I’ve been asked to do the 48 Hour Film Project in Aberdeen! It is the first time the 48 Hour Film Project has come to Aberdeen and coincides with the first EVER Aberdeen International Film Festival. For those that don’t know what the project is, it does exactly what says on the tin! We must make a short film in two days. The 48 Hour Film Project is a worldwide competition, which has been running for 13 years. There are local prizes within each city, the films will be shown in a local cinema at a screening night and the overall winner then goes onto being judged internationally. Each City’s winning film will be screened at Filmapalooza, the Official awards weekend. There is an International grand prize of $50,000 and 10 of the best films are screened at the Cannes Film Festival’s Short Film Corner in 2015. We receive a prop (Salami sandwich), genre (Thriller/suspense), character (Lionel or Lucille Denwood- University lecturer) and line of dialogue (What are you planning to do with that?) at 7.30pm on the friday evening and have to submit the film at 7.30pm on Sunday.
The team ‘Aberdonian Artifacts’ consisted of Andy Birkett (Producer/Director), Ben Seivwright (Cameraman/Sound/Crew), Amy Melvin (Crew), Tom Simpson (Sound/Crew), Johnathan MacDonell (Actor), Ryan MacFarlane (Actor/Cameraman), Austyn Robb (Actor)
We were thrilled and started brainstorming immediately, Andy had already researched locations and so we just had to think of a storyline. We decided not to work with a script as it was more efficient. We were also required to film one landmark in Aberdeen, due to it being the first time the competition has taken place in the City. At 2am we finally had our story and locations in place for filming, with a 6am wake up call it was going to be a long day ahead.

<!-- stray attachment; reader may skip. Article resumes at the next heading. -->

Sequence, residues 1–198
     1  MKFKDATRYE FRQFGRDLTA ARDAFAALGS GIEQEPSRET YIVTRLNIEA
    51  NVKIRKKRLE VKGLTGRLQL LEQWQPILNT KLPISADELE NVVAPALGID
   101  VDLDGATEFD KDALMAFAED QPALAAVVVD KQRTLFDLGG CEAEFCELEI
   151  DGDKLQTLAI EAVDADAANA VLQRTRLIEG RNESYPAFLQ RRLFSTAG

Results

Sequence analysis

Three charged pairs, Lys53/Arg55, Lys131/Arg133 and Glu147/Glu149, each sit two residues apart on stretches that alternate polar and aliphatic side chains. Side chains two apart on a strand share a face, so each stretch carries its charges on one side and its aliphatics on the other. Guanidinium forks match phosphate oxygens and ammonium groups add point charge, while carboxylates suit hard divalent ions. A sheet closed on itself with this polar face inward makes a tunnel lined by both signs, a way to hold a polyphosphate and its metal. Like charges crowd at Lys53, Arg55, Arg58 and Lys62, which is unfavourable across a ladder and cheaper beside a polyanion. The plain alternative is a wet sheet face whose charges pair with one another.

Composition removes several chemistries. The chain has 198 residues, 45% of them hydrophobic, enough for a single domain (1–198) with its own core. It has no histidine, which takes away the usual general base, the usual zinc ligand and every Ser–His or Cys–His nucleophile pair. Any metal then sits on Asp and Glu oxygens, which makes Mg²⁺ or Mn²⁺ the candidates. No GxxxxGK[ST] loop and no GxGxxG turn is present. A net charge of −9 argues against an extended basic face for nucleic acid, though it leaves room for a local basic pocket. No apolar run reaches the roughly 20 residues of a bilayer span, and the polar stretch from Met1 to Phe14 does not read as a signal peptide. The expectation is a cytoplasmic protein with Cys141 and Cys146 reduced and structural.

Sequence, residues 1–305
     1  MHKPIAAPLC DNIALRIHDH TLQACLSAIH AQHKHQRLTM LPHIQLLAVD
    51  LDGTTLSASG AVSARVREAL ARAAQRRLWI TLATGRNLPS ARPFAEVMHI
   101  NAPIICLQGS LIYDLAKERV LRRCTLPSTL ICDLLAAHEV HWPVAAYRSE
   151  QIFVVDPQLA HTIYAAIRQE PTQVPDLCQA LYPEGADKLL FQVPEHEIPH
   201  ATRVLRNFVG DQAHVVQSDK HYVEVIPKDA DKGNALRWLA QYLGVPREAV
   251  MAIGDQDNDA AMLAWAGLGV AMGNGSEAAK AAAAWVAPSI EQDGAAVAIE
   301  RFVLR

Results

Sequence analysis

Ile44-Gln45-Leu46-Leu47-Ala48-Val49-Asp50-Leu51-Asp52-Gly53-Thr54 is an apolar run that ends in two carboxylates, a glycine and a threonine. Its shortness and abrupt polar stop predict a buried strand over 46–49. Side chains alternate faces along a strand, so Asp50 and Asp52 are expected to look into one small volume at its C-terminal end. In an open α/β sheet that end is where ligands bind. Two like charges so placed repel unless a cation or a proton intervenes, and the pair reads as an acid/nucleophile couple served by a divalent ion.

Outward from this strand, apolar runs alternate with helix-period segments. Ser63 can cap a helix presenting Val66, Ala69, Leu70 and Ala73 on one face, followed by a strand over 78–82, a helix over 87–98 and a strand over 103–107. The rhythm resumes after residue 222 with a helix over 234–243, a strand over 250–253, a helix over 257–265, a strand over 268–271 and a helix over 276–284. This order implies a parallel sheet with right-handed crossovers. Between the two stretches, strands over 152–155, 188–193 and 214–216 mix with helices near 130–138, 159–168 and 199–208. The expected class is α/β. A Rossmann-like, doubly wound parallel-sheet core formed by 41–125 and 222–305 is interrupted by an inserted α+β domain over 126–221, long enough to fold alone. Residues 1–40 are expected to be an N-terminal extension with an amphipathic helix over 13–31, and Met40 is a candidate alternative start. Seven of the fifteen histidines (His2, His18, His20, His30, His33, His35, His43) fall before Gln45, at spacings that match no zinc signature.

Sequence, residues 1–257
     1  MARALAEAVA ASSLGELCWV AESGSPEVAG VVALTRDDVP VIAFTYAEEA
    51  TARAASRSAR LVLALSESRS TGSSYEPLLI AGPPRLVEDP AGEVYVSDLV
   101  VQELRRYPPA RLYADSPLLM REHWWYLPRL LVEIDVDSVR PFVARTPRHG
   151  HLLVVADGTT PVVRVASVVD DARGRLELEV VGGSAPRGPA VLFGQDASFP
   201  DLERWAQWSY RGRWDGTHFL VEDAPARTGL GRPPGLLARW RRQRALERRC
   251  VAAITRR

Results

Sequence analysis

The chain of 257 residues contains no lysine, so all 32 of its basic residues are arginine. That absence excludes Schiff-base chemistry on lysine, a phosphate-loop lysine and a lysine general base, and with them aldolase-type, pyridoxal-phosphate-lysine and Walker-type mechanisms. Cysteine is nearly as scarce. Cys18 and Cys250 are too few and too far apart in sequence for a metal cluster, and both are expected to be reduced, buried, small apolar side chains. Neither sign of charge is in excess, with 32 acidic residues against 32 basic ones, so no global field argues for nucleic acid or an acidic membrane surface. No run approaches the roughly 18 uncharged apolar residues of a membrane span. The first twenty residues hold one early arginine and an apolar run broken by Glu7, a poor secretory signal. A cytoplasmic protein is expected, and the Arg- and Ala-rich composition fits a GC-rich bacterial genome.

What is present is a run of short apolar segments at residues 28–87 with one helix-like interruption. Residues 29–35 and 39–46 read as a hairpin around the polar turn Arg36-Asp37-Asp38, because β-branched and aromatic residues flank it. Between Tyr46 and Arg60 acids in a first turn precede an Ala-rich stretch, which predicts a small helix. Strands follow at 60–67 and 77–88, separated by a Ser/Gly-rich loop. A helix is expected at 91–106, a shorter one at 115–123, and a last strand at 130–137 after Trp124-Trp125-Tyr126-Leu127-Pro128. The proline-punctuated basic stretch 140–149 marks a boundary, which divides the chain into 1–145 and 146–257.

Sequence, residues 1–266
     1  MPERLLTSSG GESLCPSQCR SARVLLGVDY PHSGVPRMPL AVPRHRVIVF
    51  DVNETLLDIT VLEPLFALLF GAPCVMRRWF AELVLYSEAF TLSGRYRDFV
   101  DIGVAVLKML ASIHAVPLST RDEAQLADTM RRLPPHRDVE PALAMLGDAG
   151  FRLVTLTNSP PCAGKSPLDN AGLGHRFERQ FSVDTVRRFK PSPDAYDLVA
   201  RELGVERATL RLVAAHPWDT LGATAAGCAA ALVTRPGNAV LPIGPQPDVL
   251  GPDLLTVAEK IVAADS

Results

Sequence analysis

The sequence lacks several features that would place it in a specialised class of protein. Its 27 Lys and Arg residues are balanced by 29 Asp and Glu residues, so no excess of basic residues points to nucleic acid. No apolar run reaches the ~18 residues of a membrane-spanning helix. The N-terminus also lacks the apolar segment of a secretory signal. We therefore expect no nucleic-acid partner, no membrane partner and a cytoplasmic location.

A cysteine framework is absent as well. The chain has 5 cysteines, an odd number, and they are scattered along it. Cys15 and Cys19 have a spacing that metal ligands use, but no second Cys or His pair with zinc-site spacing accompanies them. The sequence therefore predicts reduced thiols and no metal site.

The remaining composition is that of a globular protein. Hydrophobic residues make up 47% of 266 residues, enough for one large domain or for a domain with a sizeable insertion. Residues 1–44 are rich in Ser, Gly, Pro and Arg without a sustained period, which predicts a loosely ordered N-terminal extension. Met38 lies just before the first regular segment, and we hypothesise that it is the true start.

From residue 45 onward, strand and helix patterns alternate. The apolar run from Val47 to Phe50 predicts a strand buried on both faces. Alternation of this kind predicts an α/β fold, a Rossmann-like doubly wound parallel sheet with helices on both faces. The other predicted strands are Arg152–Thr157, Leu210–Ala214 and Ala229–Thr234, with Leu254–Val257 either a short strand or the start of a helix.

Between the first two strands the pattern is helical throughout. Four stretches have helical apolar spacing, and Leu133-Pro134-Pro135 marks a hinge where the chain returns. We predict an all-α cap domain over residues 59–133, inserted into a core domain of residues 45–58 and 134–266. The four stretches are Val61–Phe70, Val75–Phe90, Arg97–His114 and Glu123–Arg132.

8am the next day, I was running for my life, filming the chase scene around the City. My character was the lead Lucille Denwood. Filming was fun but at the same time we were constantly aware of time looming over us and had to keep it moving swiftly. Aberdeen is a fantastic city to film in, with the cobbled streets, the University of Aberdeen, a beach, brilliant architecture and of course surrounded by granite. We were spoilt for choice really. We managed to film at the University of Aberdeen, which is also famous for it’s wedding ceremonies at the weekend. It was great to be a tourist and see the sights whilst filming simultaneously. I really loved the fact that local people of all ages and passer-bys gathered and waited near the church entrance to watch the newly-wed couples walk out together as a married couple, it’s a tradition that hasn’t died here.
We also had a fantastic endorsement by Andy’s boss who conveniently owns a McLaren 650, which added a bit of excitement to filming, causing people to crowd round and pull out their phones to record it and take photos whilst he sped up and down. We finished filming outside just before sunset, around 5.30pm and then we had to film the last shot indoors before the editing began throughout the night! At 10.30pm we had managed to film practically everything, leaving Saturday night and Sunday for editing and any last minute shooting.
The editing process was hilarious at times, we found the most disturbing scene the funniest and I think delirium hit everyone at some point. We all got on so well and there were no arguments or tension, as you may find in such pressurised, tense, time-driven circumstances. I left Andy, Ben and Amy editing, to sleep at 3.30am, only to wake up 7 hours later only to find them STILL in the same positions! Lucky me eh? I think they must have cught an hour or two of sleep. Although I actually felt like I had done a serious workout from the action-packed day of filming the previous day. However after some last little bits to tidy the piece (score/credits), we completed it and handed in the film ‘Cold Slice’ on time. I don’t think Andy’s eyes have been the same since, poor guy!
Now the question is.. WHAT DO WE WIN?!